How to Improve Productivity in Warehouse Operations


Have you analyzed your warehouse operations recently? Inefficient picking processes, poor use of space, and inventory visibility issues can be costly. But, your organization can improve efficiency and productivity by implementing these tips below.

Warehouses are about moving inventory, not storing inventory.

The speed of processing shipments has never been more important: Customers want products in their hands in days, or even hours, not weeks. And of course, customers won’t tolerate receiving a damaged or wrong item.

Track the number of daily mis-picks, and the number of pick lines per hour (a pick line is one item on an order or kit, and consists of at least an item number—the SKU—and quantity). Evaluate where improvements can be made.

Maintain real-time inventory visibility and management.

Your business should also influence and invest in technology that’s able to provide real-time inventory visibility and management. With this in place, your facility will be capable of handling sudden changes throughout because real-time inventory tracking assesses both average and variation in orders.

Create Organized Workstations.

The Occupational Safety & Health Administration (OSHA) reports that musculoskeletal disorders (carpal tunnel syndrome, tendinitis, muscle strains, lower back injuries, etc.) are one of the leading causes of workplace injuries and illnesses.

To reduce the risk of such injuries in repetitive, manual tasks, it’s important to design workstations according to the specific task and worker (for example, ensuring work surface height is the height of the conveyor or roller from floor level).  Doing so increases ergonomic benefits and drives greater efficiency and productivity in everyday work.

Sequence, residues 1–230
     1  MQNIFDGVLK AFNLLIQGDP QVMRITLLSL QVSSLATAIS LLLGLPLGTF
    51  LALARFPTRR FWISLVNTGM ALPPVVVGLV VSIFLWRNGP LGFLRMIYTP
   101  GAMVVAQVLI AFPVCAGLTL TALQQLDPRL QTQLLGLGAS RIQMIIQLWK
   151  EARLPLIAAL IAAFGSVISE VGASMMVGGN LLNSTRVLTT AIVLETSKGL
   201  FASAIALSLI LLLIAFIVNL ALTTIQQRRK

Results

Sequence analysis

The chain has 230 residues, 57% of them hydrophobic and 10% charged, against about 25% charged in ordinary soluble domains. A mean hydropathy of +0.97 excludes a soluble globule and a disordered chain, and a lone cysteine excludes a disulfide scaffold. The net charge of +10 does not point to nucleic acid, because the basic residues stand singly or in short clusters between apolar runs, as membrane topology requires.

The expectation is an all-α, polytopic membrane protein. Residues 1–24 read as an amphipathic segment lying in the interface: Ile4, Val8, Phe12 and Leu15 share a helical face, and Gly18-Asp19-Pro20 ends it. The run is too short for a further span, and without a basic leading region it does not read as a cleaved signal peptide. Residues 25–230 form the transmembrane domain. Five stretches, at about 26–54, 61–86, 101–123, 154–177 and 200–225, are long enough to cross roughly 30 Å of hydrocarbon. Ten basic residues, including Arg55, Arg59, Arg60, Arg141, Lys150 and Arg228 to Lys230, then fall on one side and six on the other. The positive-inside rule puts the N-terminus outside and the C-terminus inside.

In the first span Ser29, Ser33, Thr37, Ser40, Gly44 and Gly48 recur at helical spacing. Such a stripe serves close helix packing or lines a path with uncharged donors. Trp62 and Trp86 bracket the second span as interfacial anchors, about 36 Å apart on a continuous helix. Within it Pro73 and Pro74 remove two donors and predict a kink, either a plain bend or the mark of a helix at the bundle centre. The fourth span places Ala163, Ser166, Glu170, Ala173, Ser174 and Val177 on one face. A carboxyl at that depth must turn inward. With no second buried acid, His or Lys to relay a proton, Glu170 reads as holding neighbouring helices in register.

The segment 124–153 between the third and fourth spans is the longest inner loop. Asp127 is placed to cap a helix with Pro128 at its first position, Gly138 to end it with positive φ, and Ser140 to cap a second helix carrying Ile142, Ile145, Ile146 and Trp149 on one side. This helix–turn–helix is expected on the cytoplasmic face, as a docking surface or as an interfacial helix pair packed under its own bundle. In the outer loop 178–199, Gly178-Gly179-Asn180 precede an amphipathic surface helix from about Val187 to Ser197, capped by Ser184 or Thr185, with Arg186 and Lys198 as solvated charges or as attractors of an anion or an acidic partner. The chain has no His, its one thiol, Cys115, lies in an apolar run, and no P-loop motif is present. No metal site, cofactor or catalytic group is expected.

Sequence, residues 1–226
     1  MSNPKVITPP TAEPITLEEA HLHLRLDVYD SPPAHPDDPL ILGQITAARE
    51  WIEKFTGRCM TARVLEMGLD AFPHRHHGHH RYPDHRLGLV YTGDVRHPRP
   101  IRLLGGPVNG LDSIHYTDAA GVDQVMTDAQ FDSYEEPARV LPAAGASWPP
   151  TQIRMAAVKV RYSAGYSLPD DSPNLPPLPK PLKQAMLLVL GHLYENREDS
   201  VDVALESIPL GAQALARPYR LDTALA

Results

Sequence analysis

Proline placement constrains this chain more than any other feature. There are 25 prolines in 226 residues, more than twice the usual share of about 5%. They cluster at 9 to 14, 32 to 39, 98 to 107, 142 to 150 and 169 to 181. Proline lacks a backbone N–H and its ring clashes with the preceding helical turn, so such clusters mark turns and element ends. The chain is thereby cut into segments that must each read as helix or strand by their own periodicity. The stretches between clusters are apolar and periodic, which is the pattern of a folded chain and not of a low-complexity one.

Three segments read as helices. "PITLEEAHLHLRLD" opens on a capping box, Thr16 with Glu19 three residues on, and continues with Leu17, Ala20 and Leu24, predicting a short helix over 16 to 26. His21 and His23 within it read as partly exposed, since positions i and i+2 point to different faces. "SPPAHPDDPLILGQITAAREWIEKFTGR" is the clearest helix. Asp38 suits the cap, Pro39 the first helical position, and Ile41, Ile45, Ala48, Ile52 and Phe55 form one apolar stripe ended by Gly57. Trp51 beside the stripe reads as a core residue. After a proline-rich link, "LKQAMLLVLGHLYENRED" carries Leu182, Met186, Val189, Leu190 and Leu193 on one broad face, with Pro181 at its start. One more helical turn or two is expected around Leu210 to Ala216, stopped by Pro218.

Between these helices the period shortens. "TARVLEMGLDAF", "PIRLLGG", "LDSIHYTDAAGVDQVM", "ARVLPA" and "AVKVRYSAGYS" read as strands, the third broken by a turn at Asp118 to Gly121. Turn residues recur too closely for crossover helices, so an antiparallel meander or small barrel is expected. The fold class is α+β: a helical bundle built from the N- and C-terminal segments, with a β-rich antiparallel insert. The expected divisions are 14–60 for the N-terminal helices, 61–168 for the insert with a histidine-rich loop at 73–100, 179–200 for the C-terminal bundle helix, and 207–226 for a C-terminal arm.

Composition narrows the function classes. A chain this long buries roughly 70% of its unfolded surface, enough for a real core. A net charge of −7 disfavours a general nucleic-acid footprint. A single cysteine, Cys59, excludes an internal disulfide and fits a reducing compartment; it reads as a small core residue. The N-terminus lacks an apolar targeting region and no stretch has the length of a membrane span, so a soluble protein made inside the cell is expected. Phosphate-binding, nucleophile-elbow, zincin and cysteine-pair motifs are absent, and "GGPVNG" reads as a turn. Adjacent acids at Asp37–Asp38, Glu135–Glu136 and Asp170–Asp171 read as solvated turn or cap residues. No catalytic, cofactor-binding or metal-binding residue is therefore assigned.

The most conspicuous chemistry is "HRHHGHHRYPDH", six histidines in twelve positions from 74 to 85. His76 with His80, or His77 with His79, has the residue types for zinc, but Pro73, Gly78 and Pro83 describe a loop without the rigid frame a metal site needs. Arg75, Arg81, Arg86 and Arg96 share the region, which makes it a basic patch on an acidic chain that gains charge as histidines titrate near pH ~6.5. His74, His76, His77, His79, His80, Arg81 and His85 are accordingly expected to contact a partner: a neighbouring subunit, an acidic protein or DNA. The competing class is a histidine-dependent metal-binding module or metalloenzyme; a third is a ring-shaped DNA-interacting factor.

Implement Lean Manufacturing.

Most manufacturing facilities are trending toward 5S/lean manufacturing as part of their efforts to improve manufacturing processes, enabling quicker, more efficient production and lowering overall costs.  According to the EPA, “lean production techniques often create a culture of continuous improvement, employee empowerment, and waste minimization [in addition to] driving rapid, continual improvement in cost, quality, service, and delivery.”

Evaluate Storage Equipment.

One of the most important parts of evaluating industrial storage equipment is factoring in how storage systems can/will evolve with a facility’s needs over time.  Performing a thorough assessment of current and future warehouse storage needs can improve storage density and picker productivity and drive significant cost savings over the long term.

Implement robust training programs.

Implementing effective technologies and analytics platforms will be a futile task if employees do not understand them and don’t know how to use them. This can be solved by putting in place robust training programs that can keep team members informed and up to date with the system features. The programs chosen should also include thorough reviews where everybody can give feedback.

Continuous Process Improvement.

To effectively drive productivity and efficiency in the warehouse, monitor and evaluate process improvement.  Focus on setting objectives and accountability for improvement, review their progress, and continue to improve.

If you are looking for assistance in auditing and improving the quality or operations of your warehouse, please contact Jim DePew below.


Jim DePew
Vice President & Consultant
Mobile: (330) 631-9022
Office: (330) 915-2355 Ext: 103
Email: [email protected]